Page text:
Years ago I heard the phrase, (I’m looking at you Mr Blackburn;)) “Those that can: do. Those that can’t: teach. And those that can’t teach: teach teachers” As the adoring child of a teacher, I was understandably upset. Probably because it was right. As a child I couldn’t reply. As a parent I’d retort “In some ways the teacher is more important than the parent. The parent brings a life, the teacher brings a good life.” As the son of an Ambulanceman (An under-rated comedy job title) in a parents’ body I’d reply “Those that can: do. Those that can’t: teach. And those that can’t teach: Sell”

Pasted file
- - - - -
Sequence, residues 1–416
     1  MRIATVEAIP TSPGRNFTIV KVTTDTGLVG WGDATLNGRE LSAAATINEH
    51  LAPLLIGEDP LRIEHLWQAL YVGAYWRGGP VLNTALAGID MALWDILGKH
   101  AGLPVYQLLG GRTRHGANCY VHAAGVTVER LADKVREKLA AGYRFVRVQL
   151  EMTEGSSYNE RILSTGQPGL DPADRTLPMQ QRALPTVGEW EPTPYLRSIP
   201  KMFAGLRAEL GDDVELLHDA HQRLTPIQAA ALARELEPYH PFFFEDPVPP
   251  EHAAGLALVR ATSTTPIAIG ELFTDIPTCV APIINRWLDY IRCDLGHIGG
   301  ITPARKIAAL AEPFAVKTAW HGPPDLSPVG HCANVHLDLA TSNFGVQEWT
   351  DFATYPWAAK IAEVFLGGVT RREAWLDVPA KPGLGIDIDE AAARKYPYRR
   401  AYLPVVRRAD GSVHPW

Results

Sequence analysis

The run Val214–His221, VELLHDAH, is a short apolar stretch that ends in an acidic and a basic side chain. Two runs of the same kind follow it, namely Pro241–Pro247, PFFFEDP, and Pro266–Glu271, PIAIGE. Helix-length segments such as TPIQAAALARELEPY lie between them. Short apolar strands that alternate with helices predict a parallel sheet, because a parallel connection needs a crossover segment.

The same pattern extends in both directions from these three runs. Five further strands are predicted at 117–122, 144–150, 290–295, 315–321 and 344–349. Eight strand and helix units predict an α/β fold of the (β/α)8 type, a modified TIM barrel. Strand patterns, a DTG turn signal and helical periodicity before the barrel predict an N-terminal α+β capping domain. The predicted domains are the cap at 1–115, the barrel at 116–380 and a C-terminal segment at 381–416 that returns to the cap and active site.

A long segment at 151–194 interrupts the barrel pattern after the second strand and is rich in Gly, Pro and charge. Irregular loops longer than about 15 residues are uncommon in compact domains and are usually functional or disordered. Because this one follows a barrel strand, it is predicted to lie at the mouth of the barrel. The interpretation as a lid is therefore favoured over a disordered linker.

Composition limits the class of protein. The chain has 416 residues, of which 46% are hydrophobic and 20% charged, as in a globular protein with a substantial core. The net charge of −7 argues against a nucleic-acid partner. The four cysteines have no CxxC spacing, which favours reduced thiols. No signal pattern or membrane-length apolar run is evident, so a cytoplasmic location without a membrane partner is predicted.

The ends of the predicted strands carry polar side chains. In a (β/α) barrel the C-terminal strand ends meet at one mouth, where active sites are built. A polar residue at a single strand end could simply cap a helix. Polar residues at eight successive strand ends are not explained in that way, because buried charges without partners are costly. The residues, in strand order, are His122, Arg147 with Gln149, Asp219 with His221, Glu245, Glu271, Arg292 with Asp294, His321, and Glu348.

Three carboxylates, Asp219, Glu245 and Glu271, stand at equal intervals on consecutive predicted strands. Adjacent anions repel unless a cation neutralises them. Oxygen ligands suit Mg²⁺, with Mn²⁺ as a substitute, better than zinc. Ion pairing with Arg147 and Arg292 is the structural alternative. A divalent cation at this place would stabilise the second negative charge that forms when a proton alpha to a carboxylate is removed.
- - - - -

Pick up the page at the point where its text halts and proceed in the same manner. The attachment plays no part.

However, what struck me listening to this extract from an interview with Henry Miller
Interviewer: Why do you feel that that kind of hunted, perilous, fear ridden life was preferable to the life of the salesman with the briefcase?
Henry Miller: Well, perhaps the only answer I can give….is its’ your own life, it’s your own misery, your own misfortune. The other way, one doesn’t feel, himself. D’you see?
was that I realised just how childish and undignified this squabbling over professions must seem to “Those That Do”. How the creator, the artist, the manufacturer, has a dignity of their own. Why the wreck of a body, abused by its’ owner, can move us to tears. The demolished ego of the homeless junkie with shit in his pants, looks down on us. The tragedy that Shane can sing, Bukowski could write, Freud could paint and Sid Vicious could, well, be Sid.
Indeed: if there is something that “Those That Can” do. It’s probably not coming up with witty put-downs.